What will happen to Knott’s Berry Farm and Six Flags Magic Mountain when their parent companies merge? In its most recent financial earnings report, Knott’s owner Cedar Fair confirmed that the federal government is examining the proposed merger between it and Six Flags, which was announced last year.

The two companies would have a combined attendance of more than 50 million visitors a year, making the new venture the second most popular theme park operator in the United States, behind Disney and passing Universal, which attracted more than 31 million visitors in the U.S. in 2022, according to the TEA/AECOM Theme Index attendance report. Disney’s parks in the U.S. attracted about 75 million guests that year, the report said.

Despite the two companies’ size, there are only two media markets in which Cedar Fair and Six Flags both operate theme parks: the Bay Area and Southern California. In Northern California, Cedar Fair already has announced plans to close California’s Great America within the next 10 years. So it’s really just in Southern California where two directly competing parks would come under the same ownership.

But is that a problem for consumers? Bringing those two parks together, the new Six Flags would remain the third most popular theme park company in Southern California, trailing Disney and Universal. Both of those companies have announced aggressive expansion plans to maintain and extend their attendance and revenue leads in the market, while expansion has slowed considerably at both Knott’s and Magic Mountain since the pandemic.

Theme parks are a capital-intensive business. Disney and Universal routinely spend hundreds of millions on their headlining new attractions. As part of multinational entertainment conglomerates, Disney and Universal have access to financial capital that their competitors simply cannot match. Forcing the new Six Flags to sell Knott’s or Magic Mountain as a condition of the deal is not as simple as waving a magic wand. Any new owner would need to have the capital resources to compete with Disney and Universal, not to mention SeaWorld — soon to rebrand as United Parks — and the new Six Flags.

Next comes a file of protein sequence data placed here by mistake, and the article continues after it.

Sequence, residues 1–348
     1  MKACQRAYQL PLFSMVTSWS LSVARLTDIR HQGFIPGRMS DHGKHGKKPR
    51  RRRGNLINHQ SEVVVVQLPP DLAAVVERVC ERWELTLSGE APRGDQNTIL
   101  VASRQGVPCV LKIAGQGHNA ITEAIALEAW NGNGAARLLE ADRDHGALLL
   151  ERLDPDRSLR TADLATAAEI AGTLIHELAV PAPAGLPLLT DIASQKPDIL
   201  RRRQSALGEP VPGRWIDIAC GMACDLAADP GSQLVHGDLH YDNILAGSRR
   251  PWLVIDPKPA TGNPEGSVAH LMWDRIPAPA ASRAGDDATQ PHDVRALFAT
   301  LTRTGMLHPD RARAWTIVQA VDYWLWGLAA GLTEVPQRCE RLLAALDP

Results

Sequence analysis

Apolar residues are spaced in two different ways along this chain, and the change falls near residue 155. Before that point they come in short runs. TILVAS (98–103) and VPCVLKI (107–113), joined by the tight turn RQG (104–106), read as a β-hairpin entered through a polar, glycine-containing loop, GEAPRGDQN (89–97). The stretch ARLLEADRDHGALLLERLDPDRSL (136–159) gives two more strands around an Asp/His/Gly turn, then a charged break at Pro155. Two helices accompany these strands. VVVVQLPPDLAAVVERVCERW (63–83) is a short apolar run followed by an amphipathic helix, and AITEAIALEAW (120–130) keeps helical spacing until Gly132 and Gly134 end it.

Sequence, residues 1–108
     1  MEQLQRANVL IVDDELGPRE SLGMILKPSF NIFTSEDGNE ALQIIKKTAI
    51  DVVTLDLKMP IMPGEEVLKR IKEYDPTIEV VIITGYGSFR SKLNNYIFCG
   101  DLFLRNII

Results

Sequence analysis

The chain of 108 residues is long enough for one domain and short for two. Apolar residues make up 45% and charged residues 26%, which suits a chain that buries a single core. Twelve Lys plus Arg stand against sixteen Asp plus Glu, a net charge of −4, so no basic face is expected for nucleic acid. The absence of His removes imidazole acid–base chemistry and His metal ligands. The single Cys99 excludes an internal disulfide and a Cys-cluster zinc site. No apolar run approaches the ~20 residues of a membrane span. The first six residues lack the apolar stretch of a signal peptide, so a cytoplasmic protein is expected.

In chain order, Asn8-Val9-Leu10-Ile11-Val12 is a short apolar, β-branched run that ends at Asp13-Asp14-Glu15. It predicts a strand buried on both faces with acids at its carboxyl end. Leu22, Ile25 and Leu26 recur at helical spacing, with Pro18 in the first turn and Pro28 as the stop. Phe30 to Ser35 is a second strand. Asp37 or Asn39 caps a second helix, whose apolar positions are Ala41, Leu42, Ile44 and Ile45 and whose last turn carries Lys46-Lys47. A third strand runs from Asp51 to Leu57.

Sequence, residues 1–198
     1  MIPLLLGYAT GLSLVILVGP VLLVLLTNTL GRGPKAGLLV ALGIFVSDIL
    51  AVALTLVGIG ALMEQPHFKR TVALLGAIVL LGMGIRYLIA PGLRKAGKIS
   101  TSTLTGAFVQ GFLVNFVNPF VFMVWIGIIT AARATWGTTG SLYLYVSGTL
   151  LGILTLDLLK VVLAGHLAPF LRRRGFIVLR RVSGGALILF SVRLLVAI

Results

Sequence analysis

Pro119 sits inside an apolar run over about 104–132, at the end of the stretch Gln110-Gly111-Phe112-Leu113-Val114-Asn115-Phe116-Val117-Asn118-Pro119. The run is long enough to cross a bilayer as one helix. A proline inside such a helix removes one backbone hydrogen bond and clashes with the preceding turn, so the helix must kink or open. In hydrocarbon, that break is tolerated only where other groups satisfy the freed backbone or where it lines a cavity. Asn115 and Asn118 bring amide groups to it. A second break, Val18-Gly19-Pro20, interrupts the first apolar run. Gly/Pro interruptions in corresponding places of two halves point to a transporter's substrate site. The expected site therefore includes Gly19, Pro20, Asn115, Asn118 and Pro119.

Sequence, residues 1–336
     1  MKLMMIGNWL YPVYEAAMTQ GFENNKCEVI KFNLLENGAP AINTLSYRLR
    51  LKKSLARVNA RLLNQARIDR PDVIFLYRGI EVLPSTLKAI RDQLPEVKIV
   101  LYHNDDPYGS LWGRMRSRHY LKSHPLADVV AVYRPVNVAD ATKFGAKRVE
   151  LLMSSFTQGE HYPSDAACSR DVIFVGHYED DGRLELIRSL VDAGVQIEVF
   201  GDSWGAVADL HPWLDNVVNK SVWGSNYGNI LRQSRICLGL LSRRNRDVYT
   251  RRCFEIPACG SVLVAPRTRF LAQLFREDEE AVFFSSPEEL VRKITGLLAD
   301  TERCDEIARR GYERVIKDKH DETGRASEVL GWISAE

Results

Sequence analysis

With Merlin Entertainments owning Legoland California and Parques Reunidos owning Raging Waters, the biggest theme park company in the U.S. that is not already in the Southern California market is Herschend, which owns Dollywood and Silver Dollar City. That would be a great fit for running Knott’s, but it’s hard to imagine that Herschend could come up with more money to buy that park than local real estate investors would offer to get control of its land.

That’s the real danger for theme park fans if the federal government opposes or restricts the merger of Cedar Fair and Six Flags. The Southern California parks are the most popular in each chain, and the land underneath them is the most valuable asset each company owns. If the new Six Flags cannot enjoy the benefit of running both Knott’s and Magic Mountain together, it’s possible the company would end up selling one of them for its land value to get the cash needed to compete with Disney and Universal rather than ensuring its future as a theme park.

As a fan, I would hate to see that happen. Bring on the new Six Flags.

Robert Niles covers the themed entertainment industry as the editor of ThemeParkInsider.com.